Race Weekend Central

Only Yesterday: Bristol Kings, Baby

It’s Bristol, baby!

NASCAR rolls into Bristol Motor Speedway this weekend for the first of two trips to the half-mile bullring in the Tennessee hills. After a couple of years on a temporary dirt surface, the race returns to the track’s high-banked concrete edition for the 124th time this spring. 

The NASCAR Cup Series has raced at Bristol since 1961, and over that time, several drivers have made names for themselves as masters of the track. The winningest driver of all time at Bristol is Darrell Waltrip with 12 victories. Among active drivers, Kyle Busch rules the roost with eight.

Bristol is a great example of why comparing drivers straight-up across time is, at best, an exercise in frustration. Not only have the cars changed across the years, but so has the track. Waltrip’s success came on asphalt, Busch’s on concrete, but those aren’t the only ways the track has changed over the years.

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Bristol’s first iteration was as an asphalt oval with 27 degrees of banking in the corners. Its first eight seasons used this surface, before a 1969 repave switched to a slightly higher banking in hopes of raising speeds. The track was repaved several times over the years before switching to concrete for the 1993 season, as the Tennessee winters proved to make the asphalt difficult to maintain. Then in 2007, it was reconfigured to the current setup, with graduated banking from 24-28 degrees. NASCAR ran three dirt races at Bristol from 2021-23.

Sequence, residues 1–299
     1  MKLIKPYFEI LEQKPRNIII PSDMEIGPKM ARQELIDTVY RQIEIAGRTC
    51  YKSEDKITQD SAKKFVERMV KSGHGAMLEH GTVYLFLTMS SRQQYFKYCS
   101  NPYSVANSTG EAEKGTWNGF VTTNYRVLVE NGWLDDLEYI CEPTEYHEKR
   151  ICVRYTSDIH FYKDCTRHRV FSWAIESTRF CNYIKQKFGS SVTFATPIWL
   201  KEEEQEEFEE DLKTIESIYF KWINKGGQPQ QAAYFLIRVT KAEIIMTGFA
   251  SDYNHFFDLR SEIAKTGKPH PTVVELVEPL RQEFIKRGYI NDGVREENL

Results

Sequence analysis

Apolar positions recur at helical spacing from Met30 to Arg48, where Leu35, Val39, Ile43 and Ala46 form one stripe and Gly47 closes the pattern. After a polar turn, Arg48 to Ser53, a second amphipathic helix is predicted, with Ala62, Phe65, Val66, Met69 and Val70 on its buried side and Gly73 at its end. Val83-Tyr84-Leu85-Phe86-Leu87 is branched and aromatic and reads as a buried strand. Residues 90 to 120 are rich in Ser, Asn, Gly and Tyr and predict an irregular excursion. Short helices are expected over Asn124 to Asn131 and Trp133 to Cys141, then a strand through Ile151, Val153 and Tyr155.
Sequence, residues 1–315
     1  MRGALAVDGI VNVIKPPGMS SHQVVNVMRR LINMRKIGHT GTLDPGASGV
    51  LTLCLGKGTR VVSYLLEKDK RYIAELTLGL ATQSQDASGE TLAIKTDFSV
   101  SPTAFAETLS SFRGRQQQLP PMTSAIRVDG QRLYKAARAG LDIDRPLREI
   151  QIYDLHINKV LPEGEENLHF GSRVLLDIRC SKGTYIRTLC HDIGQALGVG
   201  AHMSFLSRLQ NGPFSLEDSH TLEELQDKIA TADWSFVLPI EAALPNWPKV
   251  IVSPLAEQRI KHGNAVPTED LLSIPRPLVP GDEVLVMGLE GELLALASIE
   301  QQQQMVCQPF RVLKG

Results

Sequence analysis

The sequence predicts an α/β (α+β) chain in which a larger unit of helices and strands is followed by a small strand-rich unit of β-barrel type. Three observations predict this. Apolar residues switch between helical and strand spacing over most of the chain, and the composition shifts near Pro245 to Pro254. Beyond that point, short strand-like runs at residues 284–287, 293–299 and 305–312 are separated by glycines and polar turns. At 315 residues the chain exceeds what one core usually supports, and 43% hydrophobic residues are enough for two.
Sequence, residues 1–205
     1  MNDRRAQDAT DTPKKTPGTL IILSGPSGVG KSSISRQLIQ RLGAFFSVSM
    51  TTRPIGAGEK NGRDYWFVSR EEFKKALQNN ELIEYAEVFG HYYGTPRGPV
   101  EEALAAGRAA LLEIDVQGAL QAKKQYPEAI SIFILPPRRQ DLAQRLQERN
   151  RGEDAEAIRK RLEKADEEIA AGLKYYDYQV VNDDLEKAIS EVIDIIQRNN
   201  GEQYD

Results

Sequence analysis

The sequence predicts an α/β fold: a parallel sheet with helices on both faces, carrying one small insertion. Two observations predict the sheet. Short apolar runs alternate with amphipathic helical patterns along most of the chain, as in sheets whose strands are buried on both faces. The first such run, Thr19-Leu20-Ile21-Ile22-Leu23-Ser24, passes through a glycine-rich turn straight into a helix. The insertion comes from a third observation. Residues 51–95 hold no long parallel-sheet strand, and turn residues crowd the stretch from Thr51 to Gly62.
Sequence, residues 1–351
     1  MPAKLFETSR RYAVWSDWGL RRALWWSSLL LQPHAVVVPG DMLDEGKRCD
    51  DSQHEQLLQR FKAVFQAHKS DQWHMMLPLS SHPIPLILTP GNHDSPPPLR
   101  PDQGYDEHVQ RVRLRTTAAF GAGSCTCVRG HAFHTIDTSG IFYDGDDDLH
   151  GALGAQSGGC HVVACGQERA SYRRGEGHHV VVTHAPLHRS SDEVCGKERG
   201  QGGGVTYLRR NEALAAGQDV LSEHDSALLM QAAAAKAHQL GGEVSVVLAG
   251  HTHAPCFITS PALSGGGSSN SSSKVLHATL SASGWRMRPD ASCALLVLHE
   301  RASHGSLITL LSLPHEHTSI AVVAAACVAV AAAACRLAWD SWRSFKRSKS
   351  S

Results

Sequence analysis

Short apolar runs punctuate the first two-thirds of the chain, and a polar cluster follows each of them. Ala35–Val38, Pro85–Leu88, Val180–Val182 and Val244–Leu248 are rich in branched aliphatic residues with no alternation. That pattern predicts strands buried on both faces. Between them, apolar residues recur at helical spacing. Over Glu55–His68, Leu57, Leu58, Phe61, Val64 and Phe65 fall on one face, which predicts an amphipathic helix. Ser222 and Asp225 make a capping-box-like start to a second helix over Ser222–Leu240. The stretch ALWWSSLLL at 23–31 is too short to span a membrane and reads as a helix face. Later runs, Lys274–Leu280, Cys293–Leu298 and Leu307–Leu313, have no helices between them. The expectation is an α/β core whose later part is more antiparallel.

While Waltrip is the undisputed Bristol king, who ruled the roost on the track’s different variations? That’s worth looking at, because it reveals some trends and illustrates the need to look beyond the numbers when looking at the sport’s past.

1961-69 Race I: Fred Lorenzen & David Pearson

Both Fred Lorenzen and David Pearson had three wins on Bristol’s O.G. surface. Pearson won two more on the track after the mid-’69 repave. For both drivers, a look at their Bristol races over that period reveals the nature of the sport at the time — attrition played a major role in deciding races. The cars had to hold up to the beating.

And even for the best of their era, they didn’t always do that.

It was feast or famine for Lorenzen and Pearson. All of Lorenzen’s wins came before the 1969 changes; he only raced at the track once afterward. In all of his Bristol starts, Lorenzen either finished in the top two or didn’t finish at all. A couple of his six pre-repave DNFs were for crashes because, well, Bristol, but the rest were due to mechanical failures. 

Pearson’s 15 starts on the original Bristol tell a similar story. Pearson failed to finish 10 of them, but only once due to a crash. Other reasons ranged from lug bolts to the water pump to the timing chain. 

It was as much about survival as it was about speed. That has changed drastically; in recent years, DNFs not related to a crash or damage from contact are fairly rare.

1969 Race II-1992 Race I: Darrell Waltrip

Bristol 2.0 coincided almost perfectly with Waltrip’s career. All but one of his 12 wins came on that asphalt surface, including a seven-race string from 1981 to the spring of 1984, when no other driver recorded a win at the track.

The tide was turning toward more durable cars as well. In 52 races at Bristol, Waltrip failed to finish just five, with only two coming from crashes. Even more remarkable was that from 1973 to 1995, Waltrip recorded just two Bristol DNFs, both due to engine failure. Waltrip’s Bristol numbers speak to his absolute skill there.

Other drivers to put up their best numbers on that asphalt configuration include Cale Yarborough and Dale Earnhardt. All nine of Yarborough’s Bristol wins and seven of Earnhardt’s nine came on that version.